Nursing intervention and treatment
The treatment for ARDS is directed toward the underlying cause and maintaining gas exchange. To this end almost all patients with ARDS require endotracheal intubation and mechanical ventilation with a variety of positive-pressure modes. Common methods for mechanical ventilation include pressure-controlled ventilation with an inverse inspiratory-expiratory ratio. This mode alters the standard inspiratory-expiratory ratio of 1:2 to 1:3 by prolonging the inspiratory rate and changing the ratio to 1:1. It also controls the amount of pressure in each breath to stabilize the alveoli and to re-establish the functional residual capacity (FRC) to normal levels. If possible, the physician attempts to limit the fraction of inspired oxygen (FiO) to less than 0.50 (50%) to reduce complications from oxygen toxicity. Positive end-expiratory pressure (PEEP) is often added to the ventilator settings to increase the FRC and to augment gas exchange. Lung-protective, pressure-targeted ventilation, a method whereby controlled hypoventilation is allowed to occur, minimizes the detrimental effects of excessive airway pressures and has also been used in ARDS with positive outcomes.
To augment gas exchange, the patient needs endotracheal suctioning periodically. Prior to suctioning, hyperventilate and hyperoxygenate the patient to prevent the ill effects of suctioning, such as cardiac dysrhythmias or hypotension. Turn the patient as often as possible, even every hour, to increase ventilation and perfusion to all areas of the lung. If the patient has particularly poor gas exchange, consider a rocking bed that constantly changes the patient’s position. If the patient’s condition allows, even if the patient is intubated and on a ventilator, get the patient out of bed for brief periods. Evaluate the patient’s condition to determine if soft restraints are appropriate. Although restraints are frustrating for the patient, they may be necessary to reduce the risk of self-extubation.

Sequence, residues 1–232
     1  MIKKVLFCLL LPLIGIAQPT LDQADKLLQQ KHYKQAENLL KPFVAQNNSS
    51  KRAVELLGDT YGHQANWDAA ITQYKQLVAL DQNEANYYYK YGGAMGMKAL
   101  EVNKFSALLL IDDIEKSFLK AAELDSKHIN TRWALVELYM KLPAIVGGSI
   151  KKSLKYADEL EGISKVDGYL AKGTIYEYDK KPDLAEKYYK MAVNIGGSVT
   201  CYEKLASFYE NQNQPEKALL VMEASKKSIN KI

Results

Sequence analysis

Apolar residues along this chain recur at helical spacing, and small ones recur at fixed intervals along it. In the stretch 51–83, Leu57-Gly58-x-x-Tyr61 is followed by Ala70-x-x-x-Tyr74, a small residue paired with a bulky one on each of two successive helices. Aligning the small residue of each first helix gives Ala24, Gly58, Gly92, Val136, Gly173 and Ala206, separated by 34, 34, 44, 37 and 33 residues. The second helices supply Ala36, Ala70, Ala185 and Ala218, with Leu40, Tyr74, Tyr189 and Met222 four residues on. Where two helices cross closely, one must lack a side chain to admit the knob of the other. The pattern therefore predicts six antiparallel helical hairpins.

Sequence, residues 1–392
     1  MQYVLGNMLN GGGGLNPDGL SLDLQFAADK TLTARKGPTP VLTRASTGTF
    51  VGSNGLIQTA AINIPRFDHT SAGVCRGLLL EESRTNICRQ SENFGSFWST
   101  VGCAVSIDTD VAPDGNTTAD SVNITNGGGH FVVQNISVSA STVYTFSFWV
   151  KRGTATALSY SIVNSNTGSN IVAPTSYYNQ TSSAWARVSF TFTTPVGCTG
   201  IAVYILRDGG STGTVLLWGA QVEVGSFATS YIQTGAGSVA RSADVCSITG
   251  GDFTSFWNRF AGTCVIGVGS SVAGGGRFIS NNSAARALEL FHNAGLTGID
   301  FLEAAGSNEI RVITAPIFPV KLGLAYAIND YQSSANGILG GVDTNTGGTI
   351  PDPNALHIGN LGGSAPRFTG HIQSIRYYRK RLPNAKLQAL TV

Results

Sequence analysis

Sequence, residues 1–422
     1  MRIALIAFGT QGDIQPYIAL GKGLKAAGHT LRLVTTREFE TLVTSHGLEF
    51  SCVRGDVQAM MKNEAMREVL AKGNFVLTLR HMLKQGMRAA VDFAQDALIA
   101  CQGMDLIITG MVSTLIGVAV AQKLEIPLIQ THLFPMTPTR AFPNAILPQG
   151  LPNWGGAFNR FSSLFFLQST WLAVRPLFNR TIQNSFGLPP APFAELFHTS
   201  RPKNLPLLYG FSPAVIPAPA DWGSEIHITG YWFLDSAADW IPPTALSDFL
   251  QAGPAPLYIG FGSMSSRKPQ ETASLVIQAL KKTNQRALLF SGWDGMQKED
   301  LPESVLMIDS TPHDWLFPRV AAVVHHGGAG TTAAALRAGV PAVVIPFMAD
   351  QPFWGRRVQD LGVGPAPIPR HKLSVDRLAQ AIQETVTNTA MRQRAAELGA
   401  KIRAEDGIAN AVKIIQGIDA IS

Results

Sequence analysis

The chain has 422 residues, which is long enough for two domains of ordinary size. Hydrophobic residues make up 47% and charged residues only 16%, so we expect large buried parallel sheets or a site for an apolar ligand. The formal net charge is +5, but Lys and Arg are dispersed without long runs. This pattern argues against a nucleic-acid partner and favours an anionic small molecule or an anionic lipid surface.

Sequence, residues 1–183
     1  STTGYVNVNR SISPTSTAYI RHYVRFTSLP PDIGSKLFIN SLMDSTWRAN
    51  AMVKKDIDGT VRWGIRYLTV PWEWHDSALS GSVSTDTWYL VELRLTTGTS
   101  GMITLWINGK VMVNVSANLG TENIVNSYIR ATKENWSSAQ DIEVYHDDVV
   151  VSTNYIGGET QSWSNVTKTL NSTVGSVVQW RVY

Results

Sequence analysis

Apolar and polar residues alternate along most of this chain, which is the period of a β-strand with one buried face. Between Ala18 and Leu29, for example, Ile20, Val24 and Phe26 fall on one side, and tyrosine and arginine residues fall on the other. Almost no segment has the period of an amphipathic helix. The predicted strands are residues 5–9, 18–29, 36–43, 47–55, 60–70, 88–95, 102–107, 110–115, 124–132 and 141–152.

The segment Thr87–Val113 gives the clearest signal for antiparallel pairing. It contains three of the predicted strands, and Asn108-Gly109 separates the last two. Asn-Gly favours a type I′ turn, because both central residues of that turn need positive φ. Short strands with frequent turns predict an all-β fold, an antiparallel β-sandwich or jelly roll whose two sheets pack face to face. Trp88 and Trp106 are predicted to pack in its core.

If the patient requires medications for skeletal muscle paralysis, provide complete care and make sure the medical management includes sedation. Use artificial tears to moisten the patient’s eyes because the patient loses the blink reflex. Provide passive range-of-motion exercises every 8 hours to prevent contractures. Reposition the patient at least every 2 hours for comfort and adequate gas exchange, and to prevent skin breakdown. Provide complete hygiene, including mouth care, as needed. Assist the patient to conserve oxygen and limit oxygen consumption by spacing all activities, limiting interruptions to enhance rest, and providing a quiet environment.
The patient and family may be fearful and anxious. Acknowledge their fear without providing false reassurance. Explain the critical care environment and technology but emphasize the importance of the patient’s humanness over and above the technology. Maintain open communication among all involved. Answer all questions and provide methods for the patient and family to communicate, such as a magic slate or point board.